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September 06, 2009


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I am a casual reader and occasional commenter to your posts.

I have interesting conversations with a friend/co-wroker about hermeneutics and reading the Bible with the goal of understanding the message the author intended to convey...i.e., reading to understand, not to justify our pre-suppositions or prejudices.

I read one of the passges you quoted in context of the chapter: For even when we were with you, we gave you this rule: "If a man will not work, he shall not eat." 2 Thessalonians 3:10

I was intrigued about how...well, forceful and direct the commandment sounded. It initially read that that persons should not be charitable to those who will not work, and that didn't jibe with my understanding of charity. So, I read the entire chapter on

I stopped at the chapter, and did not lookup to whom the chapter was addressed in context.

It seems the verse is actually describing the evangalizing Christians, or witnessing Christians not persons at large. The message seems to be that when *we* Christians are out and about witnessing in "disorderly" communities (presuming that to mean non-saved), then we should not take charity from them, but work to show how we earn our bread. That we are not asking to be kept up by others. That smacks more of a jab at the televangalists who have million dollar jets and gold-plated toilets that the "common man" who doesn't have a job but needs food/shelter/clothing.

I will say this, perhaps I am reading my own message into this, as I can see how others can legitimately read the chapter differently.

Just interesting how a fuller perspective may open the interpretation up rather than relying on a verse to send a message that is different than intended...

Perhaps your bible-study can elaborate on the context and message of the chapter or book for us?

PS A new favorite of mine as far as "whip it out" Bible verse is now:

11For we hear that there are some which walk among you disorderly, working not at all, but are *busybodies*.

12Now them that are such we command and exhort by our Lord Jesus Christ, that with quietness they work, and eat their own bread.

For some reason that reminded me of Gen. 14:23-24 when Abram refused to take any gifts from the king of Sodom:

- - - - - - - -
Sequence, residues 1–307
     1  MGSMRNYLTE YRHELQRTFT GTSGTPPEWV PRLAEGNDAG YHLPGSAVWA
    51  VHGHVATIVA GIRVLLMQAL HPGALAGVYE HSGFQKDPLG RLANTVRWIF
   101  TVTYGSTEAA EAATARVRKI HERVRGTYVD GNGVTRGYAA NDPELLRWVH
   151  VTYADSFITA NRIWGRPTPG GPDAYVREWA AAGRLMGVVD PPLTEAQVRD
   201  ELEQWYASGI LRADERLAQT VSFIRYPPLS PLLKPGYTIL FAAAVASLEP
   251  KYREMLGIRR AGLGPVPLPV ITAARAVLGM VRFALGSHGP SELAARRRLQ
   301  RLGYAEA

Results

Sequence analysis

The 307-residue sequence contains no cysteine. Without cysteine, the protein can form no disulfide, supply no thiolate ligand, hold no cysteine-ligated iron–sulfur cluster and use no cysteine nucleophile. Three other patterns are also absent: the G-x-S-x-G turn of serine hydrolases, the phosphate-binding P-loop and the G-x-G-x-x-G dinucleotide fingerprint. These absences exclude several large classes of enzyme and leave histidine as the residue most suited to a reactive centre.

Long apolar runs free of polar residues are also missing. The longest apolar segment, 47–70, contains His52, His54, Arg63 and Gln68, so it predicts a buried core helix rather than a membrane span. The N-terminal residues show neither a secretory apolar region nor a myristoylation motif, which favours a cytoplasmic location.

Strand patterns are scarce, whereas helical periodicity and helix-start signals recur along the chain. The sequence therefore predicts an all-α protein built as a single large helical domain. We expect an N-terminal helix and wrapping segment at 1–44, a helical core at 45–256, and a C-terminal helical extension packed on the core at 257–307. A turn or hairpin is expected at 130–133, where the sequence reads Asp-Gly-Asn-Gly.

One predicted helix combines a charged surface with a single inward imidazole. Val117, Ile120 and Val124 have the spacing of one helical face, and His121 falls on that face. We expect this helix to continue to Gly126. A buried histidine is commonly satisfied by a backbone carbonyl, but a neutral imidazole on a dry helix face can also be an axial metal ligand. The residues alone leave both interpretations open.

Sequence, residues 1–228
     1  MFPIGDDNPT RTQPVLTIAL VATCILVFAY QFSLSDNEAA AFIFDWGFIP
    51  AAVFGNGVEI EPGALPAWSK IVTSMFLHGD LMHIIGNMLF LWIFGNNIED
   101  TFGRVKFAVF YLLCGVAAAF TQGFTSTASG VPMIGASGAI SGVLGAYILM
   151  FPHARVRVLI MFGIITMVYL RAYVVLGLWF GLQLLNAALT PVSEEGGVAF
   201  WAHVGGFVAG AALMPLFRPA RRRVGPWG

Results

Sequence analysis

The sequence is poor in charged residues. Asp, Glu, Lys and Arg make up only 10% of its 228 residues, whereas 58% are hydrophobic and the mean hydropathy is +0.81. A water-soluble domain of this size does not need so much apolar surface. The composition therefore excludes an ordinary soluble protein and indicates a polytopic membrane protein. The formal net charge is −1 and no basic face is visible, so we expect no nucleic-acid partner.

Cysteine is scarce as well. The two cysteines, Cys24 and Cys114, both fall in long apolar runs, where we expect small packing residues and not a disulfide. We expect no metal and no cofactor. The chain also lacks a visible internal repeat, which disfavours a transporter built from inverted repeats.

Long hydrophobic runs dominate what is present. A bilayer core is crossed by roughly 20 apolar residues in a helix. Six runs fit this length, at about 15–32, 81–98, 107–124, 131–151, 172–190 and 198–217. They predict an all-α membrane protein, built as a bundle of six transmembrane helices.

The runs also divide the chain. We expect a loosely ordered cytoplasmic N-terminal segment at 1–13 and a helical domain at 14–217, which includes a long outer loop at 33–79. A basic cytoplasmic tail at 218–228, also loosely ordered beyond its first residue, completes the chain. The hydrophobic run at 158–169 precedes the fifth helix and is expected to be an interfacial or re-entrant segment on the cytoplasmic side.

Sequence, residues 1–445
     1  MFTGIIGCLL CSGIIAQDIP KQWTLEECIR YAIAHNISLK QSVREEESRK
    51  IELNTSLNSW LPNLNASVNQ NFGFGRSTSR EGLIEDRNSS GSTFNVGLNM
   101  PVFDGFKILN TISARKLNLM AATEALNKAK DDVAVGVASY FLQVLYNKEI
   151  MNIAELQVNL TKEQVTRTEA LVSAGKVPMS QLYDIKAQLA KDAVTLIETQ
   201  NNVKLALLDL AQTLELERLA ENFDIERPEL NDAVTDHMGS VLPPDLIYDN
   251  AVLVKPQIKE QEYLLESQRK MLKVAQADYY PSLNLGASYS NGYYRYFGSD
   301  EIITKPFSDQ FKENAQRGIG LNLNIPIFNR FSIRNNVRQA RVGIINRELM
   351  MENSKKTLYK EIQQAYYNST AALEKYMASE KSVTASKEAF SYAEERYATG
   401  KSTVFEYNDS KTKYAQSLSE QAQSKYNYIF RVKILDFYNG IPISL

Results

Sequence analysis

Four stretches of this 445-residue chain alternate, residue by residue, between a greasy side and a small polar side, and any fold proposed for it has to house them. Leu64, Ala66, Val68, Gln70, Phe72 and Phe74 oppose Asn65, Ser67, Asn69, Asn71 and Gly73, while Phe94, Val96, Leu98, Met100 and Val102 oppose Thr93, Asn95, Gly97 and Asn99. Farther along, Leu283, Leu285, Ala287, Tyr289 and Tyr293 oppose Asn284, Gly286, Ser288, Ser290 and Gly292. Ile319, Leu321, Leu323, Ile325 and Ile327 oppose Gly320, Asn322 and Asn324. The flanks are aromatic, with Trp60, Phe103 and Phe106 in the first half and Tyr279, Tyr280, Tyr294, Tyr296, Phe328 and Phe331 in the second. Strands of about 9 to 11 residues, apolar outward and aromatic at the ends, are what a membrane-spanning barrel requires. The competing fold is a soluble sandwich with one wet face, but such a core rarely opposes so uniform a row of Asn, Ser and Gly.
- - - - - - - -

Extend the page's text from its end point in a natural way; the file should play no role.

23That I will not take from a thread even to a shoelatchet, and that I will not take any thing that is thine, lest thou shouldest say, I have made Abram rich:

24Save only that which the young men have eaten, and the portion of the men which went with me, Aner, Eshcol, and Mamre; let them take their portion.

The verse I like regarding work happens to be Ecc. 9:10:

Whatsoever thy hand findeth to do, do it with thy might.

You can never go wrong in any work you do if you just give it everything you've got. When I think about that, it takes me back to Joseph and how by doing well at everything he was assigned (and by being blessed) he gained respect in all capacities and eventually became the ruler of Egypt. Maybe that is a legitimate conclusion to take from it.

I have one small contribution to make - Christians need to start looking at work and productivity as good things. What I mean by this is that there are many churches who villianize money and wealth. But ask yourself, what is money? It is purchasing power. You gain money through work. Work is good for both us as individuals, the rest of our world, and finally our future.

The more we progress the "better" life will be here on earth. Look at medical advances - brain surgery, bypass surgery, etc. have allowed people to live who otherwise would have died.

Work is something Christianity should embrace!

Wow these are some power quotes.

Glad to see not much has changed since the time of Christ. The world is essentially what you make it. You were born with the tools. Now start digging!

Just a comment to Rick in SF. My interpretation of 2 Thes. 3:10 is slightly different. In the early church, soon after Christ's resurrection, the saints had "all things in common, and there were no poor among them." But that system only worked if everyone pitched in. In Thessalonians the Apostle Paul wrote to the saints in that area, reminding them that the early Christian practice of holding all things in common and caring for the poor wasn't intended to feed that lazy. He was reminding him in his epistle (letter) that he had taught this doctrine when he was personally with them at an earlier time. Hence, if you don't work, don't expect a handout. If you're unable to work because of sickness, old age or similar circumstances, the Christian community will take care of you.

Sorry, make that Robert in SF!

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